Become a Blogger
Blogging has helped me move up in the world. But don’t just take my word for it. Some of the most successful entrepreneurs I follow, such as Randal Fishkin, Gary Vaynerchuk, and Dharmesh Shah, built multi-million dollar businesses by blogging. I learned by reading their blogs and experimenting.
Paul Shapiro graduated from Rutgers in 2012 and is now a mid-level manager at one of the biggest ad agencies in the world. In my interview with Paul, he attributed his remarkably fast career progression to blogging:
I had taken a proactive approach to my job search, making online personal branding a priority. I had partaken in multiple informational interviews with industry leaders most of which were attained through relationships that I built through an active social media presence.Amongst the most common feedback I had received was to blog, so I listened and started writing. I eventually learned that my blog had greatly helped my candidacy for my first job. I would give the same advice to any job seeker or anyone looking to boost their career. Start blogging. A blog shows internet savviness, drive, and the ability to write among other things. Start blogging now and you will thank yourself later.
I couldn’t agree more.
If you are a beginner and don’t know where to start, read Crush It by Gary Vaynerchuk. I started here as well. I recommend Wordpress as a blogging platform because it has a lot of free social media plug-ins that will make your blog stand out.
Brand yourself on LinkedIn
Let’s be clear about something. Your mere presence on Linkedin is not an extra. It is average.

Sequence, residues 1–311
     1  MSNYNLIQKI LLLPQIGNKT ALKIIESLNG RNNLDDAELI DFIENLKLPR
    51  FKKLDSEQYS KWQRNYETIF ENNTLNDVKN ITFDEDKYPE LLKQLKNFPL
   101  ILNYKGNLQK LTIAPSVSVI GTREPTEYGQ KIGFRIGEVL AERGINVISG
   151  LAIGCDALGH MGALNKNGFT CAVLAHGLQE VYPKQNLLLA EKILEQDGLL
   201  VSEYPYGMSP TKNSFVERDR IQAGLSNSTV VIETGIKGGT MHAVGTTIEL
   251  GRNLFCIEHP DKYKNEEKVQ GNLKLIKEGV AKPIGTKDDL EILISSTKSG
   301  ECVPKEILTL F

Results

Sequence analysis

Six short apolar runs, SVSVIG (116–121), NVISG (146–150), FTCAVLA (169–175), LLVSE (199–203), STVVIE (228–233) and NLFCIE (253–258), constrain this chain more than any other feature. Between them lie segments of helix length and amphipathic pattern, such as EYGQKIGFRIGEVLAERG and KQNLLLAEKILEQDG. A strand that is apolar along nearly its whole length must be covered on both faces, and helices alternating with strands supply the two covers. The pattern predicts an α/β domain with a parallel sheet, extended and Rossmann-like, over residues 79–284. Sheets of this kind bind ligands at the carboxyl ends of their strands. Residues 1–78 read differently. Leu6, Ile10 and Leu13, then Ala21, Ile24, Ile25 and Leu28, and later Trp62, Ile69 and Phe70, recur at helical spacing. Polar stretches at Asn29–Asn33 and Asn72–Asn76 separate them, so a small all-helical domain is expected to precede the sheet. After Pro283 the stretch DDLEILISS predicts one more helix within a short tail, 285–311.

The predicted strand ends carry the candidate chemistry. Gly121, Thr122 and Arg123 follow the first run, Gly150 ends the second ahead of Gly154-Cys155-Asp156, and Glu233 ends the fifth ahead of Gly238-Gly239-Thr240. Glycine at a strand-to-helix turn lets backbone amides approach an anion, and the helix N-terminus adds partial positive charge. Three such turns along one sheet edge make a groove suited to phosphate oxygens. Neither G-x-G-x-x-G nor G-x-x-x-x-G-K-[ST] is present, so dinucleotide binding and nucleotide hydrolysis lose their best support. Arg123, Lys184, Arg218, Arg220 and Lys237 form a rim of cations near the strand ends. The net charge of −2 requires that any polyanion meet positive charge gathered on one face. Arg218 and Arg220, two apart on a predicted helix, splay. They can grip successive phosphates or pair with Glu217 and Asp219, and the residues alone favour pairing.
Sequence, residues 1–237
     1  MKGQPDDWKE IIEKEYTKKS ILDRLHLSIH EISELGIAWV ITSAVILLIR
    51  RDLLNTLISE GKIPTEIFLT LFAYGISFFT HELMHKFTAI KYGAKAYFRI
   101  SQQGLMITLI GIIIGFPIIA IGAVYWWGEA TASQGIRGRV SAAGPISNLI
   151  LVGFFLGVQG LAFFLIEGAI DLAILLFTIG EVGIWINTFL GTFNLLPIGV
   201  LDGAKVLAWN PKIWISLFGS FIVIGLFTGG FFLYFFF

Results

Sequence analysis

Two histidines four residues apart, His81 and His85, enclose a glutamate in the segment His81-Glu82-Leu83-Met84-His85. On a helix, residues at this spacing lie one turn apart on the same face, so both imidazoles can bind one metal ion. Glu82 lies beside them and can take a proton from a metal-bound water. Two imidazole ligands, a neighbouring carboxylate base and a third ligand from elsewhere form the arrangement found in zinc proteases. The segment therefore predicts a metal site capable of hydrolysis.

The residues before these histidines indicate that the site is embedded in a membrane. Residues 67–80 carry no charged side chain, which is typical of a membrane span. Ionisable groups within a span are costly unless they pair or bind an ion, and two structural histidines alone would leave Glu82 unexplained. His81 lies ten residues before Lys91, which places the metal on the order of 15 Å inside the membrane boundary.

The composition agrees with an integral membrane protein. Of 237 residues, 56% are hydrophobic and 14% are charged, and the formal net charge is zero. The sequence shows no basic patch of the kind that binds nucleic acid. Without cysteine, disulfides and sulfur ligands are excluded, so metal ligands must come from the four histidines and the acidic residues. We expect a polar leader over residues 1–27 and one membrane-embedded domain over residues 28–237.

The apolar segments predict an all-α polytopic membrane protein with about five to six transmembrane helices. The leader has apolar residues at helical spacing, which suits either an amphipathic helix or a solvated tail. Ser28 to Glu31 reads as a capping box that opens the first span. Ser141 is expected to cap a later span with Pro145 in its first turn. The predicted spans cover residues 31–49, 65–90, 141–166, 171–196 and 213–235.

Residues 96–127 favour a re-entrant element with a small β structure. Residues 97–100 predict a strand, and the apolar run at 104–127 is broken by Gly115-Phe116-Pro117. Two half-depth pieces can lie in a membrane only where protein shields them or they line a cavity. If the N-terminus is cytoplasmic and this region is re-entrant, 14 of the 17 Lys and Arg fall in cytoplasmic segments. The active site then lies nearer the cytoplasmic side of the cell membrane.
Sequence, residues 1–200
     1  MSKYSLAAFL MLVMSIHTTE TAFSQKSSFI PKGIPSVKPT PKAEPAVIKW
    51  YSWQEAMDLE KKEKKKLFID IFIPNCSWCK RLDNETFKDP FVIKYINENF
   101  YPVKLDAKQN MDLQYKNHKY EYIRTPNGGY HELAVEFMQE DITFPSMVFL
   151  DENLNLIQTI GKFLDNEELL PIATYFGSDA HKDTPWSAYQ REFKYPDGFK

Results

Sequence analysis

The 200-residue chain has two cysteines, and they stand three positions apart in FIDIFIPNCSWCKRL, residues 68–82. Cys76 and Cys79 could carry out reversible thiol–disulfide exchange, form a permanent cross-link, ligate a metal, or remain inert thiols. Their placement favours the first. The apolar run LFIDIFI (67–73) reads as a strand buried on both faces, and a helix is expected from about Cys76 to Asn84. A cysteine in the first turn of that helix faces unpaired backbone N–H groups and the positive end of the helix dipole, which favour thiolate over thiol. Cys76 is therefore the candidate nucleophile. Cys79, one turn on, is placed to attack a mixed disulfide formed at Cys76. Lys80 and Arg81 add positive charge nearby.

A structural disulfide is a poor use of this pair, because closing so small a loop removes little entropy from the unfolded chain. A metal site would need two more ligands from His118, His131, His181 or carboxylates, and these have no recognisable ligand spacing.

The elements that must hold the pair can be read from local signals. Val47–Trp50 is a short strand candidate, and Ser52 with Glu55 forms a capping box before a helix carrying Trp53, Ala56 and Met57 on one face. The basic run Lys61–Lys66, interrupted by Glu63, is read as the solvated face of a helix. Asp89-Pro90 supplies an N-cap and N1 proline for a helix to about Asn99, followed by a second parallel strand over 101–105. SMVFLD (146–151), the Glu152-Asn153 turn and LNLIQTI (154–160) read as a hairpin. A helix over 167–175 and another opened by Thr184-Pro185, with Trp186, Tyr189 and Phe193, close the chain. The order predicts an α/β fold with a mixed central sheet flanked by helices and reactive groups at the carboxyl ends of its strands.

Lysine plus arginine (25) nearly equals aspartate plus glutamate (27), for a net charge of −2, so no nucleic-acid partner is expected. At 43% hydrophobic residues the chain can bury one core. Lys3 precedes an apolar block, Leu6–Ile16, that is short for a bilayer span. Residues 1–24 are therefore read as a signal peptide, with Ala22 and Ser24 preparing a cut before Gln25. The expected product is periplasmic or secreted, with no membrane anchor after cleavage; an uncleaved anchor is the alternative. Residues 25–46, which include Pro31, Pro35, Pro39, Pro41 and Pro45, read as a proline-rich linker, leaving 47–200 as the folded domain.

You should be very serious about how your Linkedin profile looks. What are your extras?
How many connections do you have? How many people have endorsed you for skills or recommended you? Do you have a professional photo? How many Linkedin groups are you an active member of? Do you share insightful content?
Successful companies that offer great careers, such as Google or Facebook, look beyond your last job description and professional skills. They want to get insights into your personality and character. Are you amazing or average?
Use visual tools on Linkedin to enhance the visibility of your profile. Adding rich media, such as videos, slideshare decks, and images worked well for me, pushing my profile to the top 1% Linkedin All Star users.
Become your own curator of information
Content curation is about sorting through content on the web and presenting it in a meaningful way around a specific theme. That’s not rocket science.
Social media provides great tools for you to express your creativity. And the best way to generate following and gain authority is to curate and share great content.
When you start on Twitter, don’t call yourself a guru, expert, ninja or maverick. I made this mistake early on in my career. It turns people off. Your attitude should be to learn from others who have done it longer and know more.
Dale Carnegie, in his book How to Make Friends and Influence People, gave one of the best social media tips I ever heard (even though social media was not invented during his time):
To be interesting, be interested.
Ask and answer questions. Follow people who are interesting to you. Share their content. Rinse, repeat, and over time your audience will grow — not because you are a guru, but because you share interesting information. Thus, you are interesting.
Gone are the days when only industrial-sized companies could create value and exert influence. Today, the key word is social media influence.
Your ability to attract followers on Twitter is a skill that potential employers will love. They can tap into your influence by hiring you. They will also see you as someone who can help them build their own online influence.